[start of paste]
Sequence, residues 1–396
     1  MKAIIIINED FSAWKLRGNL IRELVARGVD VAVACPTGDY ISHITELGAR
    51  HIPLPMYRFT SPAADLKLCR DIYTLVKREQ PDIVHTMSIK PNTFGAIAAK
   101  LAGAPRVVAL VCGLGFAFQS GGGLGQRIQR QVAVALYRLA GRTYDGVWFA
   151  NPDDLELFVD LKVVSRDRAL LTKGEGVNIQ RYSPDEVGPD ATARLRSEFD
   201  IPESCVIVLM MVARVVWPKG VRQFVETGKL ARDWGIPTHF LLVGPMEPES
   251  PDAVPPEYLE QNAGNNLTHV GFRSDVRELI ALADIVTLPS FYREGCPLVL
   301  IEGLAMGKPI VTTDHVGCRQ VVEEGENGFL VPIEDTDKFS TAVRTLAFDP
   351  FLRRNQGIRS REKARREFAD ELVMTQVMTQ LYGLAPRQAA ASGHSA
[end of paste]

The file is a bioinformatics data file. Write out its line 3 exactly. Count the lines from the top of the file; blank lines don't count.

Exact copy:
    51  HIPLPMYRFT SPAADLKLCR DIYTLVKREQ PDIVHTMSIK PNTFGAIAAK